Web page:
During the years he lived as an outlaw in his own realm constantly hounded by Imam Ahmed's soldiers the Malassay,[13] Dawit came to see Queen Eleni's wisdom in reaching out to Europe for help, and he dispatched João Bermudes, who had arrived in Ethiopia with Dom Rodrigo de Lima, to ask for it once again. However, this help in the form of Cristóvão da Gama and his picked troop of 400 did not reach Ethiopia until after Dawit had died at the mountain-top Debre Damo monastery on 2 September 1540.

The Ethiopian historian Taddesse Tamrat writes, "The Muslim occupation of the Christian highlands under Ahmad Gragn lasted for little more than ten years, between 1531 and 1543. But the amount of destruction brought about in these years can only be estimated in terms of centuries."[14]

Dawit was succeeded by his son Gelawdewos, as his son Menas had been captured by Ahmad a year before Dawit died. His release wasn't secured until 1543, when Queen Seble Wongel exchanged him for the captured son of Bati del Wambara and Ahmed after the Battle of Wayna Daga.[15]

One of Dawit II's younger sons, Yaqob, is said to have stayed behind to hide in the province of Menz in Shewa. Yaqob's grandson Susenyos I defeated his various second cousins in 1604 to become Emperor and started the Gondar line of the Solomonic dynasty. Another grandson started the Shewan line of the Solomonic dynasty.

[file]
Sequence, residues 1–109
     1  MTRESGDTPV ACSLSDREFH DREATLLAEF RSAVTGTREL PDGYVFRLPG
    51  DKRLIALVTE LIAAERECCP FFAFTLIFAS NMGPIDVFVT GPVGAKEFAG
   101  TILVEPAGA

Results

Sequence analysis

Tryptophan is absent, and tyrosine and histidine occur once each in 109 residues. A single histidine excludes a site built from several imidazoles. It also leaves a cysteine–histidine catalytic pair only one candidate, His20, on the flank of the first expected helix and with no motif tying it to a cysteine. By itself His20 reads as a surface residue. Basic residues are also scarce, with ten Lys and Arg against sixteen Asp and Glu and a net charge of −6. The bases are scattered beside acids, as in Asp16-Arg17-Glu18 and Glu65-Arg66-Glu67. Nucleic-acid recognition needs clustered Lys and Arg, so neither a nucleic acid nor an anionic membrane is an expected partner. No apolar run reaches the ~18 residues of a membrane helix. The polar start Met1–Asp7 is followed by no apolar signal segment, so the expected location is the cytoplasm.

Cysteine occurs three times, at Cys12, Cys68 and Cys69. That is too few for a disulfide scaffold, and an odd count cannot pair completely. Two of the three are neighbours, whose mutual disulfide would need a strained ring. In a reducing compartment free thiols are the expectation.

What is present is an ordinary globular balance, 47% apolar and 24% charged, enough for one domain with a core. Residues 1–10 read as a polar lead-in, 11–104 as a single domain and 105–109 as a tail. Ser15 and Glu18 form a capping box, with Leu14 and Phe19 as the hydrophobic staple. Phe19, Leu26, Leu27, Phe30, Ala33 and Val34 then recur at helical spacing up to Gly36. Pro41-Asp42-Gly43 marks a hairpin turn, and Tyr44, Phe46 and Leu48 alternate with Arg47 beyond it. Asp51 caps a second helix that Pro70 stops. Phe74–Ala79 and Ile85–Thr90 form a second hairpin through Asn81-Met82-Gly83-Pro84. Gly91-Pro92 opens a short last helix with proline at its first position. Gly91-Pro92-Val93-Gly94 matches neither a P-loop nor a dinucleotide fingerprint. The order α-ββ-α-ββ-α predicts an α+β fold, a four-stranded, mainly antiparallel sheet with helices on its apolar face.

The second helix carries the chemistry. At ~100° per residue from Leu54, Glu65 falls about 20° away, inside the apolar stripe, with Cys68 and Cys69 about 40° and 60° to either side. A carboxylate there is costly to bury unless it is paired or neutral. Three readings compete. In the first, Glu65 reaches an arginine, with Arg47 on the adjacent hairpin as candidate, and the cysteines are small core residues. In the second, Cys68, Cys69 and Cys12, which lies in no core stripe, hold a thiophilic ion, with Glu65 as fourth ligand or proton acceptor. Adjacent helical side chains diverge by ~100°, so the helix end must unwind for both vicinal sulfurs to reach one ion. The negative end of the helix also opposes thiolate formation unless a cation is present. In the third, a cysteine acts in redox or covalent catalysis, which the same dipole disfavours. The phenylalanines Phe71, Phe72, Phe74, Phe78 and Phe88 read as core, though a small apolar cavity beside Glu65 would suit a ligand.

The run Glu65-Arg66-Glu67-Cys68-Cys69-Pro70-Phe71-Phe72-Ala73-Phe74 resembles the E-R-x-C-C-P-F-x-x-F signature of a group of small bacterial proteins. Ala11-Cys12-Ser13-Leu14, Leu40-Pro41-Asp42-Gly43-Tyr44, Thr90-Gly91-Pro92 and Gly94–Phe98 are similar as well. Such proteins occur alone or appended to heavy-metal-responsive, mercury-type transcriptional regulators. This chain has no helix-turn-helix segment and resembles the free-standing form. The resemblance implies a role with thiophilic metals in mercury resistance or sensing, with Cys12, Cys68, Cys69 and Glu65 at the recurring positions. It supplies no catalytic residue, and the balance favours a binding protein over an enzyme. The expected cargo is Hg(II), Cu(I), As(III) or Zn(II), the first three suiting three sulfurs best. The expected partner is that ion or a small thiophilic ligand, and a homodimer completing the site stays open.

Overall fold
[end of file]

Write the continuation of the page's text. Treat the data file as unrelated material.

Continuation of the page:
1. ^ Encyclopedia of Christianity in the Global South. Rowman & Littlefield. June 2018. p. 266. ISBN 9781442271579.
  2. ^ Akyeampong, Emmanuel K.; Gates, Henry Louis Jr. (2012). Dictionary of African Biography. OUP USA. p. 482. ISBN 978-0-19-538207-5.
  3. ^ Molvaer, Reidulf K. (1998). "The Tragedy of Emperor Libne-Dingil of Ethiopia (1508-1540)". Northeast African Studies. 5 (2): 44. doi:10.1353/nas.1998.0011. S2CID 143584847.
  4. ^ Beyene, Solomon Gebreyes (2016). The Chronicle of King Gälawdewos (1540–1559): A Critical Edition with Annotated Translation (PhD). University of Hamburg. p. 184.
  5. ^ Francisco Alvarez, The Prester John of the Indies translated by C. F. Beckingham and G. W. B. Huntingford (Cambridge: Hakluyt Society, 1961), p. 304.
  6. ^ Paul B. Henze, Layers of Time, A History of Ethiopia (New York: Palgrave, 2000), p. 85.
  7. ^ Budge, E.A (1828). History Of Ethiopia Nubia And Abyssinia. pp. 327–328.
  8. ^ As described by Sihab ad-Din Ahmad bin 'Abd al-Qader, Futuh al-Habasa: The conquest of Ethiopia, translated by Paul Lester Stenhouse with annotations by Richard Pankhurst (Hollywood: Tsehai, 2003), pp. 68–70.
  9. ^ bin 'Abd al-Qader arabfaqīh, Sihab ad-Din (30 January 2005). Futuh al-Habasha: The conquest of Ethiopia translated by Paul Lester Stenhouse. Tsehai Pub and Distributors. p. 81-82. ISBN 0972317252.
  10. ^ R.S. Whiteway, The Portuguese Expedition to Abyssinia in 1541–1543, 1902 (Nendeln, Liechtenstein: Kraus Reprint Limited, 1967), p. xxxvi.
  11. ^ Futuh, pp. 186–193.
  12. ^ Futuh, pp. 381–384.
  13. ^ Molvaer, Reidulf (1998). "The Tragedy of Emperor Libne-Dingil of Ethiopia (1508-1540)". Northeast African Studies. Michigan State University Press. 5 (2): 32. doi:10.1353/nas.1998.0011. JSTOR 41931161. S2CID 143584847.
  14. ^ Taddesse Tamrat, Church and State in Ethiopia (1270–1527) (Oxford: Clarendon Press, 1972), p. 301.
  15. ^ Castanhoso, Miguel de (1902). Whiteway, R.S. (ed.). The Portuguese expedition to Abyssinia in 1541-1543 as narrated by Castanhoso. London: Redford Press. p. xxxiv. Retrieved 11 June 2020.
Regnal titles
Preceded by Emperor of Ethiopia
Succeeded by